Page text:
Ruth 4:1

Then went Boaz up to the gate, and sat down there: and, behold, the kinsman of whom Boaz spoke came by; unto whom he said, Ho, such a one! turn aside, sit down here. And he turned aside, and sat down.
All Commentaries on Ruth 4:1 Go To Ruth 4

George Leo Haydock

AD 1849
Gate, where justice was administered. Calling. Hebrew Ploni Almoni. (Calmet) Protestants, "Ho! such a one. "(Haydock) This form of speech is used concerning a person whose name we know not, or will not mention, 1 Kings xxi. 2. (Calmet) The name of this man is buried in eternal oblivion, perhaps because he was so much concerned about the splendour of his family, that he would not marry the widow of his deceased relation. (Tirinus) Ver. 2. Here, as witnesses, not as judges, ver. 9. (Calmet) This number was requisite in matters of consequence. (Grotius) Ver. 3. Will sell. Some Latin copies read, "sells, or has sold. "But the sequel shows that she was only now disposed to do it. But what right had Noemi or Ruth to the land, since women could not inherit? The latter might indeed retain her title, as long as she continued unmarried. But Noemi only acted in her behalf. Selden thinks that their respective husbands had made them a present of some land. Josephus (ver. 11) asserts, that the person whom Booz addressed had already possession, and that he resigned his claim, as he would not take another wife. (Calmet) Our brother. He was his nephew, and calls him brother, as Abraham did Lot. (Worthington) Ver. 4. This. Hebrew, "I thought to uncover thy ear "or to admonish thee. Virgil (frag.) uses a similar expression, Mors aurem vellens, vivite, ait, venio: "Death pulls the ear; live now, he says, I come. " Not. Hebrew printed erroneously, "But if he will not redeem it. "(Kennicott)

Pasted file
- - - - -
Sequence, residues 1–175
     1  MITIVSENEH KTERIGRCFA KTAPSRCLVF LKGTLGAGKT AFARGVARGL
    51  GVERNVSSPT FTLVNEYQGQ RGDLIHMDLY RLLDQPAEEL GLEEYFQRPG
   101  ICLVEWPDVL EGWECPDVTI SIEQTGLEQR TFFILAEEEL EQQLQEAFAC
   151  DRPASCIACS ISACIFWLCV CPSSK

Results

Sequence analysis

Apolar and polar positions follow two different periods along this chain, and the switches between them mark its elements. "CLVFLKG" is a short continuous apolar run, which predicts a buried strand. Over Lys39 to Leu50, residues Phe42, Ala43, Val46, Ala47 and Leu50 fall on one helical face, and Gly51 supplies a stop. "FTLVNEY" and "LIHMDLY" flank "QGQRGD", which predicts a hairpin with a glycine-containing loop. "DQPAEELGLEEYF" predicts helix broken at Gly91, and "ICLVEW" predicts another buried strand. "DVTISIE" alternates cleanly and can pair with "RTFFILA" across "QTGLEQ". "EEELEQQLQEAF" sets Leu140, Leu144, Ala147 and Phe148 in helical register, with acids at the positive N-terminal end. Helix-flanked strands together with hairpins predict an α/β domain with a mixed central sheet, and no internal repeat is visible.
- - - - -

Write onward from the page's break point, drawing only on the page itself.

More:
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Knowing this first, that no prophecy of the scripture is of any private interpretation - 2 Peter 1:20

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